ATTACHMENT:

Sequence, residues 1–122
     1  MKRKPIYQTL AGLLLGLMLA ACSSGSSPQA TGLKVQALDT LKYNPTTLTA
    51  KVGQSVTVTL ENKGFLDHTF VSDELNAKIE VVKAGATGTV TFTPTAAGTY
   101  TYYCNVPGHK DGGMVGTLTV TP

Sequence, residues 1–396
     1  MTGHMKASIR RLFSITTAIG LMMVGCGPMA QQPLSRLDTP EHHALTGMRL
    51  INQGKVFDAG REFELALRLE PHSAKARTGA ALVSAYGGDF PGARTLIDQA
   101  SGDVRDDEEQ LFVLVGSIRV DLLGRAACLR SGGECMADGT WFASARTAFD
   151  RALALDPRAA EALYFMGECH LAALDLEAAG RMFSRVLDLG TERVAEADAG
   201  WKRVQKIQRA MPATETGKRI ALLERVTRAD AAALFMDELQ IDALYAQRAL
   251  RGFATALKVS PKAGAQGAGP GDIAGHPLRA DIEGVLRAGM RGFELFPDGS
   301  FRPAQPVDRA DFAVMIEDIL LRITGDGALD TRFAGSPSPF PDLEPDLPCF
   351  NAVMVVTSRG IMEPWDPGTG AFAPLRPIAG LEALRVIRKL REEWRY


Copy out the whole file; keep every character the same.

Sequence, residues 1–122
     1  MKRKPIYQTL AGLLLGLMLA ACSSGSSPQA TGLKVQALDT LKYNPTTLTA
    51  KVGQSVTVTL ENKGFLDHTF VSDELNAKIE VVKAGATGTV TFTPTAAGTY
   101  TYYCNVPGHK DGGMVGTLTV TP

Sequence, residues 1–396
     1  MTGHMKASIR RLFSITTAIG LMMVGCGPMA QQPLSRLDTP EHHALTGMRL
    51  INQGKVFDAG REFELALRLE PHSAKARTGA ALVSAYGGDF PGARTLIDQA
   101  SGDVRDDEEQ LFVLVGSIRV DLLGRAACLR SGGECMADGT WFASARTAFD
   151  RALALDPRAA EALYFMGECH LAALDLEAAG RMFSRVLDLG TERVAEADAG
   201  WKRVQKIQRA MPATETGKRI ALLERVTRAD AAALFMDELQ IDALYAQRAL
   251  RGFATALKVS PKAGAQGAGP GDIAGHPLRA DIEGVLRAGM RGFELFPDGS
   301  FRPAQPVDRA DFAVMIEDIL LRITGDGALD TRFAGSPSPF PDLEPDLPCF
   351  NAVMVVTSRG IMEPWDPGTG AFAPLRPIAG LEALRVIRKL REEWRY